For those who came in several thousand years late, humanity has been making statues which they believe contained the divine essence of what ever god they worship. In heightened religious states, the faithful claim that the statue moved or talked to them.
Now Gabriele Trovato - an Italian human-computer interaction researcher at Tokyo's Waseda University - wants to take this to the next level by providing a religious robot that really can move and talk with the worshipper.
Trovato along with his mate from Peru's Pontificia Universidad Católica, has penned a paper which provides a theoretical framework for designing "theomorphic" robots which "carry the shape and the identity of a supernatural creature or object within a religion" -- robots that imply "a connection with a deity, be[ing] a messenger of the deity, or be[ing] possessed by it, or carry[ing] a divine essence".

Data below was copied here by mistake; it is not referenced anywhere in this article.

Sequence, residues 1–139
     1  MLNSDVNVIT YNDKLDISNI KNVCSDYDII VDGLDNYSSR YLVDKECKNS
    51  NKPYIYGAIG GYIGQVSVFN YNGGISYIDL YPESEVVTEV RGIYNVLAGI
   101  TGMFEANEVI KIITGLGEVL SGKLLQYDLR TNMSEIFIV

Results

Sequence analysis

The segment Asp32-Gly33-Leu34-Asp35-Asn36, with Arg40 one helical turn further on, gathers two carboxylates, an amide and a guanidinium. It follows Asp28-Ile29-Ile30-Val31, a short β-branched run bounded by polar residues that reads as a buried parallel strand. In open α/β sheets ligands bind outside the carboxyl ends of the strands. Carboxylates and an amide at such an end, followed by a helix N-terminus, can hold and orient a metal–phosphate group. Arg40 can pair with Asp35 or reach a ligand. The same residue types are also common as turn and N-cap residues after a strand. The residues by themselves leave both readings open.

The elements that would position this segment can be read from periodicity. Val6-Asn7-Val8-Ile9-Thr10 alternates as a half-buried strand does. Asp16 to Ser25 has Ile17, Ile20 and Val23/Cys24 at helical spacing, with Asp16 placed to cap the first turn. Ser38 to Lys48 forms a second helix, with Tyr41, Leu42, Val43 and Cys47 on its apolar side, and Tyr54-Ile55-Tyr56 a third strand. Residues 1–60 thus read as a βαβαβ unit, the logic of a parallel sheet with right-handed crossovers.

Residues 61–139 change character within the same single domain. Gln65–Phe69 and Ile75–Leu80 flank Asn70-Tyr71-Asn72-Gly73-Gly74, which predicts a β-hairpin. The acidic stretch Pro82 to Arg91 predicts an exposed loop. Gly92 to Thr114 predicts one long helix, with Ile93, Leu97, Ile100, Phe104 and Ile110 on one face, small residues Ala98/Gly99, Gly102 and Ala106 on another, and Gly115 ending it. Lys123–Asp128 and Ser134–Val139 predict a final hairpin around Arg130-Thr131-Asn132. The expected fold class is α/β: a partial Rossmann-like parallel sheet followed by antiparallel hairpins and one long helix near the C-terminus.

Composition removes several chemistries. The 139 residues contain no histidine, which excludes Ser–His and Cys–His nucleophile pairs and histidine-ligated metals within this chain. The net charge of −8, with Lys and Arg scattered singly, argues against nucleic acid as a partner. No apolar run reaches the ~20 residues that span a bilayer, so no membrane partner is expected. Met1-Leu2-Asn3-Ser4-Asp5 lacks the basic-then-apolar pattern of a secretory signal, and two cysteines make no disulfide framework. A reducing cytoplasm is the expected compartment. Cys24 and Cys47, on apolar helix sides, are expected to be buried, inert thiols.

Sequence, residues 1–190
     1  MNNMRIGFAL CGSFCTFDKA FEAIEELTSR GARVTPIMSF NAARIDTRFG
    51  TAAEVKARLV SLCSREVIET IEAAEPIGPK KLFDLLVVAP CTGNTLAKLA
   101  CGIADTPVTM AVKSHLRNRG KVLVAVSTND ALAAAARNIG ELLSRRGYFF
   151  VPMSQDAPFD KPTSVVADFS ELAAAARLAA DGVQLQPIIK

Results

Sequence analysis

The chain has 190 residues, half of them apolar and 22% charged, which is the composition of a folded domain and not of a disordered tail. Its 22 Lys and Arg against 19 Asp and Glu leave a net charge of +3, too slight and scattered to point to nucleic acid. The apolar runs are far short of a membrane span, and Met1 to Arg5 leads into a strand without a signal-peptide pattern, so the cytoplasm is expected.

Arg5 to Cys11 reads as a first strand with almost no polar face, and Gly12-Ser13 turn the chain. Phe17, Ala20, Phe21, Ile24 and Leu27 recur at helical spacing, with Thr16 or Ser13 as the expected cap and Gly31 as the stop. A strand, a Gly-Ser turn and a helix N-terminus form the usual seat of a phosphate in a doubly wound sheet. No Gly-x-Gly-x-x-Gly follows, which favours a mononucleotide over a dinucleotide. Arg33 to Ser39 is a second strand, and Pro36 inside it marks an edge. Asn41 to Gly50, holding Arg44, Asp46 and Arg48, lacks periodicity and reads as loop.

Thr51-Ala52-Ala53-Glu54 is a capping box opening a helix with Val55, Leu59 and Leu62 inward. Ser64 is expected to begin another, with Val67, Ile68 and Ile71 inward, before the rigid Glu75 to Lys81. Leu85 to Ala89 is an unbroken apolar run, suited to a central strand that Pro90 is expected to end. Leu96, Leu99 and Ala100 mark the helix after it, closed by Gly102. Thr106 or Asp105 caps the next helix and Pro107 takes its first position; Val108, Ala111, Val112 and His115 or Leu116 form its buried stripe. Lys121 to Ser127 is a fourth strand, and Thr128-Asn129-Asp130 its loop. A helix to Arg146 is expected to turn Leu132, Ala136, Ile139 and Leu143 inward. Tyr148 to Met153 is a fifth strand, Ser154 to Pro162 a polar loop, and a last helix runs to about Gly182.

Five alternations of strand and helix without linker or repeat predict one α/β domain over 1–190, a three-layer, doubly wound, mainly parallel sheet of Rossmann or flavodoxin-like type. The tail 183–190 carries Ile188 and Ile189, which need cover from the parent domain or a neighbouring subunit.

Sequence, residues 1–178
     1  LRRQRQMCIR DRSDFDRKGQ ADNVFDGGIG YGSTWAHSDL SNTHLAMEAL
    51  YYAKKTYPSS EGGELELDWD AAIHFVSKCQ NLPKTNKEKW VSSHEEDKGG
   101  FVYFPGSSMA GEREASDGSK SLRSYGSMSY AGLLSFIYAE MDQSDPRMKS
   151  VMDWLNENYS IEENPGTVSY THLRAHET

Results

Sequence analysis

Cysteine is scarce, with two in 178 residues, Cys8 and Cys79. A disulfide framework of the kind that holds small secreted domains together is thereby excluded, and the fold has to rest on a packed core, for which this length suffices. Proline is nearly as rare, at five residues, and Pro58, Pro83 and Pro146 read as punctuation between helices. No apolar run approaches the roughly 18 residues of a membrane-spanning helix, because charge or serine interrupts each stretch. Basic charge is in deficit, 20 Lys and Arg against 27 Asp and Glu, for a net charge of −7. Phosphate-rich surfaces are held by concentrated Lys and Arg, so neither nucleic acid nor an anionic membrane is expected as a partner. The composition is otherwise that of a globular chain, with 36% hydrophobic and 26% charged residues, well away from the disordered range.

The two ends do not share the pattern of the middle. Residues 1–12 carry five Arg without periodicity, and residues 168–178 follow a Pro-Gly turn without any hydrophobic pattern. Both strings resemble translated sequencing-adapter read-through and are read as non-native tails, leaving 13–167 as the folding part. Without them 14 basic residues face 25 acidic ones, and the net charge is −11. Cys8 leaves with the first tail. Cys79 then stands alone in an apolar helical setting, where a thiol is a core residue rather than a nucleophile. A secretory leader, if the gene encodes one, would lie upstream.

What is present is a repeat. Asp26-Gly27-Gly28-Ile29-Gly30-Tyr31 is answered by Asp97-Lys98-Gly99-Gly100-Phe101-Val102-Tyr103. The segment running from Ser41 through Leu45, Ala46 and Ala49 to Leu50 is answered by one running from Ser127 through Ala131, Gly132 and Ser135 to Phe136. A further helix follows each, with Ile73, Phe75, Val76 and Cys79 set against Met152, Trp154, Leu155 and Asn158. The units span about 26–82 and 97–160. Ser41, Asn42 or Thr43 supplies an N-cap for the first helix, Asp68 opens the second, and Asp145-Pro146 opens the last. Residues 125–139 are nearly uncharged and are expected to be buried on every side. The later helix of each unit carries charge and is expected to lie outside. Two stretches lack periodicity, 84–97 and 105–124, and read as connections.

Trovato presents some guidelines for these, including not making them move too much becauserobot movement isn't very divine, and also religious icons tend to be immobile, don't design them to respond to user input, which ismore godlike, less furbish, and make them glow.
He thinks that the biggest advantage is that believers can feel at ease with, and even hold in high regard, a robot that has the appearance and identity of a familiar religious entity or an icon, while typically the approach towards robots is characterized by some discomfort.
“The sacred appearance can be seen as a mask, which covers the robotic component, for a device that will perform some service that can range from keeping company during prayer, to comfort and monitor people’s health, or to even perform catechesis, teaching positive values of a certain religion”, he said.